Seven Questions with Master of Landscape Architecture Student Christian Aguilar Murrieta
"I am most interested in changing the perception of what a garden should be. People tend to think that a garden should be aesthetically pleasing, which is true, but today we have more knowledge about our native plants and their benefits."
Master of Landscape Architecture student Christian Aguilar Murrieta is from Ciudad Constitucion, Baja California Sur, Mexico, a small city surrounded by agricultural fields and chirinolas (Stenocereus eruca). She moved to Tucson in 2013, after earning her undergraduate degree in sustainable tourism at the Universidad Autonoma de Baja California Sur in La Paz, Mexico and working in Baja California, where extensive travel helped her learn English.
What brought you to the University of Arizona to study landscape architecture?
As an undergraduate, my favorite classes were about ecology, flora and fauna of the Sonoran Desert and alternative processes of development in rural and urban areas. When I moved to Tucson, I met Watershed Management Group and volunteered in their workshops by helping with the transformation of residential gardens to productive gardens. Years later I found out about the MLA program and I decided that I wanted to take my passion for sustainable gardening to the next level.
What interests you most about landscape architecture as a profession?
I am most interested in changing the perception of what a garden should be. People tend to think that a garden should be aesthetically pleasing, which is true, but today we have more knowledge about our native plants and their benefits, so my interest is in changing people’s perception of native plants in the Sonoran Desert region by creating beautiful and productive gardens for humans, nature and knowledge.
What do you like best about the MLA program and College of Architecture, Planning and Landscape Architecture?
I appreciate that we are not required to have a background in architecture or landscape architecture to do enter or succeed in the program. The classes are a comprehensive combination of essential knowledge that prepares you for your career.
What has been your biggest challenges at CAPLA, and how have you overcome those challenges?
I don’t have a background in architecture or design, so I have been challenged by the use of digital media required for landscape design. It's a fun challenge that I take with patience and I’m really grateful that the instructors are always there to help me.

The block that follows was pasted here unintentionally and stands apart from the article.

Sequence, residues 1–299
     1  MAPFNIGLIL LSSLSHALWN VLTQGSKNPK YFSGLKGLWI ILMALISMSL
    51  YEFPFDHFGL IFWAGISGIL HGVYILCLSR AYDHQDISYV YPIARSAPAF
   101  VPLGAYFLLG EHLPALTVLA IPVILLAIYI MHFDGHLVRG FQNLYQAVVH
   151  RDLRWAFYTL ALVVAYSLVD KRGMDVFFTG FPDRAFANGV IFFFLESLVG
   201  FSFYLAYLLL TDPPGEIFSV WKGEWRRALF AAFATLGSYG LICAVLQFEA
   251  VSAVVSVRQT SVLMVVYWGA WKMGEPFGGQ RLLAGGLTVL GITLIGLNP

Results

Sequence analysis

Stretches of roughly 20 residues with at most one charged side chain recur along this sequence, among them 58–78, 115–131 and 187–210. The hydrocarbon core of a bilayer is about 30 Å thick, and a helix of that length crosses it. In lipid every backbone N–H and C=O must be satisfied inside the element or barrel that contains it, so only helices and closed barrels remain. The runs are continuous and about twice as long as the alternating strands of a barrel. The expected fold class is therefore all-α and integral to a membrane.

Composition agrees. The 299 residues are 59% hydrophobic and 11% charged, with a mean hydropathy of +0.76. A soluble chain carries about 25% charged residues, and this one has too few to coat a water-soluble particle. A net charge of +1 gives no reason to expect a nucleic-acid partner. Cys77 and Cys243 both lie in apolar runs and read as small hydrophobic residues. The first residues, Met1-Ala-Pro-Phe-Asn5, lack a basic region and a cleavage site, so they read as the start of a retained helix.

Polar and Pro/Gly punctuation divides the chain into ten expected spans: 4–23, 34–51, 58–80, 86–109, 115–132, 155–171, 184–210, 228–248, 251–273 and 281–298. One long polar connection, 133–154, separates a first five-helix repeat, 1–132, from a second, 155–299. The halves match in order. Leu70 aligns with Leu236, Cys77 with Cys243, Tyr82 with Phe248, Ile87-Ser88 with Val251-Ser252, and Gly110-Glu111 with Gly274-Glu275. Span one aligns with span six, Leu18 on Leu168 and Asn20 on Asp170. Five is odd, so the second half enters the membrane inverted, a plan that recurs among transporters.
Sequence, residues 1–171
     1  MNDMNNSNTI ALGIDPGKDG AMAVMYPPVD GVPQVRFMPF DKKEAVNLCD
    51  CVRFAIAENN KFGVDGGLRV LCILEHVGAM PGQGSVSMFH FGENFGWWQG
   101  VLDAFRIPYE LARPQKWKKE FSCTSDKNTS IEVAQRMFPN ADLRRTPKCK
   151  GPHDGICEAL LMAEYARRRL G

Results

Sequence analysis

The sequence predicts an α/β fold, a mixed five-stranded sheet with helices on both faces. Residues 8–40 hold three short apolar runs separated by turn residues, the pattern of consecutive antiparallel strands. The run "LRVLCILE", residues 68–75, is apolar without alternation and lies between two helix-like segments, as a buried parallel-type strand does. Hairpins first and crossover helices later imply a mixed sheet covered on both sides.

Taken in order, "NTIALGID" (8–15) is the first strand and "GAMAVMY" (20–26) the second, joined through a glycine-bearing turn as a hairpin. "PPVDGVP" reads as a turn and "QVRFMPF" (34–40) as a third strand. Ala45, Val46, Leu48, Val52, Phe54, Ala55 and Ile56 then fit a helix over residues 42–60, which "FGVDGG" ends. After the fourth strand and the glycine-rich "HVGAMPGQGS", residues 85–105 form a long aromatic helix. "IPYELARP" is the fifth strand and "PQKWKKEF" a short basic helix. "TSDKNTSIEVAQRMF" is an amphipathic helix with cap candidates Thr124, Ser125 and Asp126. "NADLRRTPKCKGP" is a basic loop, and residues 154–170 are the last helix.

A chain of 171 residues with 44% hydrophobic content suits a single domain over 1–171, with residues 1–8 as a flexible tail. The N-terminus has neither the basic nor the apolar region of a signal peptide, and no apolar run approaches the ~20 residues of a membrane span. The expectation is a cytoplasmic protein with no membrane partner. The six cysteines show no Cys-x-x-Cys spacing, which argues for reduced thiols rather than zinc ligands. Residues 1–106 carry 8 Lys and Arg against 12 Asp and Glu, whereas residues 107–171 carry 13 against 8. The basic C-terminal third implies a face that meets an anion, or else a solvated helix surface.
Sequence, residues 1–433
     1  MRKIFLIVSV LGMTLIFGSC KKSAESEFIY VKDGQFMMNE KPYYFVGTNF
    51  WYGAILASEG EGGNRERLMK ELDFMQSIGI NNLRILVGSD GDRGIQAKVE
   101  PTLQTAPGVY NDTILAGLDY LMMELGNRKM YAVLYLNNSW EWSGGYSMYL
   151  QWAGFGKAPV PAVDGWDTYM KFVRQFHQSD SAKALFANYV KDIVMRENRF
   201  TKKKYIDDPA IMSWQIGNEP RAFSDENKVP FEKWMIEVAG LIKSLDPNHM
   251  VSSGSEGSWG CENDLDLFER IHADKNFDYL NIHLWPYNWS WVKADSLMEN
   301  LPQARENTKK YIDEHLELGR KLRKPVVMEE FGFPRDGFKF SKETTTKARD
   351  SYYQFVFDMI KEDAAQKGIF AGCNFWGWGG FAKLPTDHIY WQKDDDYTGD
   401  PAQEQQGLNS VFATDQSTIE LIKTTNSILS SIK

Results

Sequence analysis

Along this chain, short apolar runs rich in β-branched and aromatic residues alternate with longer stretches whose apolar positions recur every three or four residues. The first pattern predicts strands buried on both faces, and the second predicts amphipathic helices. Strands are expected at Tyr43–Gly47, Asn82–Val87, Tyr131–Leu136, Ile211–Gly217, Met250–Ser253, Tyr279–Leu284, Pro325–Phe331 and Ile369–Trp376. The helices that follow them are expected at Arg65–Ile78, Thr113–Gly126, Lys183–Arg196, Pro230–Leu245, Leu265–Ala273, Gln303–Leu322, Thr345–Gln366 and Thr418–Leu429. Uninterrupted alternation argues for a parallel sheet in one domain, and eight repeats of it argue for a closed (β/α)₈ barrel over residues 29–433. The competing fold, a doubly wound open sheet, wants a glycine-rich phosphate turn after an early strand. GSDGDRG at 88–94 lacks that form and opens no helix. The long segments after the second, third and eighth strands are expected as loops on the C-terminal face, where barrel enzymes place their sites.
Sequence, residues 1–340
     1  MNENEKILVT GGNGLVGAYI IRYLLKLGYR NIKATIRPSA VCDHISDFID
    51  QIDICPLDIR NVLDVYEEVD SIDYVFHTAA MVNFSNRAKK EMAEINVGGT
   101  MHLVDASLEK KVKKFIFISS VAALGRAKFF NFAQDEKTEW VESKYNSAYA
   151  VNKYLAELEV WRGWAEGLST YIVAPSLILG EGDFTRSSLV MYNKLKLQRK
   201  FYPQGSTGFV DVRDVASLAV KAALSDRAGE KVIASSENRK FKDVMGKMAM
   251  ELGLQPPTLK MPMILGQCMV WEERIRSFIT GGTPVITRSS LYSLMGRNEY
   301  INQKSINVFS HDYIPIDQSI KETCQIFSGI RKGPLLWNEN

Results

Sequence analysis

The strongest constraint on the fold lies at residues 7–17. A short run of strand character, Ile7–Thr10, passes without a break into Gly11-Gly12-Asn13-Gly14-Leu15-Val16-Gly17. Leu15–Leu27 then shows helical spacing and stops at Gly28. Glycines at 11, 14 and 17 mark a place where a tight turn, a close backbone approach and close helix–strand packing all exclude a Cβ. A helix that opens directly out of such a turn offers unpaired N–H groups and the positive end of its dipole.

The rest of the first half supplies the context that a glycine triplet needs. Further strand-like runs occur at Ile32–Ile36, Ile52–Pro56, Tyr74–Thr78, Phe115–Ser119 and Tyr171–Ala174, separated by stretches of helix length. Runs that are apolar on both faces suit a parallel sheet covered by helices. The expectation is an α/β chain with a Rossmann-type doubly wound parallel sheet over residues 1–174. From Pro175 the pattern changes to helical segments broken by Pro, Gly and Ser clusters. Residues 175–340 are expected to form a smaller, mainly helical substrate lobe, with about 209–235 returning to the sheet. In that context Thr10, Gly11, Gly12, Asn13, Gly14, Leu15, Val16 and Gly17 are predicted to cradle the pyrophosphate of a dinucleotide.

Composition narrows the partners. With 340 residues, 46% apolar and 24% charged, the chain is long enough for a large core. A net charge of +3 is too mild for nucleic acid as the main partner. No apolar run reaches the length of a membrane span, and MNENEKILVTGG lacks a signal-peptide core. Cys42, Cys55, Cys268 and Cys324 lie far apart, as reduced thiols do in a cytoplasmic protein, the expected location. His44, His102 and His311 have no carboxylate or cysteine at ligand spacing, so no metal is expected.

I also must balance having a full-time job with being a full-time student. I’m grateful because of the flexibility my job provides me and it’s been easier to balance classes and work because I’m taking online live classes at the moment.
What does the CAPLA experience mean for you?
For me, the CAPLA experience means taking the next step in my professional and personal life by learning to do what I like the most.
Tell us about your current work in clinical research and as a volunteer docent.
I’m currently a clinical research coordinator at the University of Arizona and Banner Health with the All of Us Research Program. Although it is not related to MLA, I love my job because it gives me access to work with the Latino communities of Tucson, promoting equity in health research. At the same time, I’m a docent at Watershed Management Group, where I get to translate and interpret material in Spanish, and if COVID-19 allows it this year, I will start teaching classes in person, as well as conducting tours for inspiration in transforming landscapes through rainwater harvesting.
What advice do you have for prospective MLA students?
My advice is to learn about the courses and the faculty as you consider applying for the program. I was not sure if I would be a good candidate for the MLA because my background did not focus on landscape architecture, but talking with the program coordinator, students and professors and learning more about the classes made me feel more comfortable and confident to apply. I’m glad I did!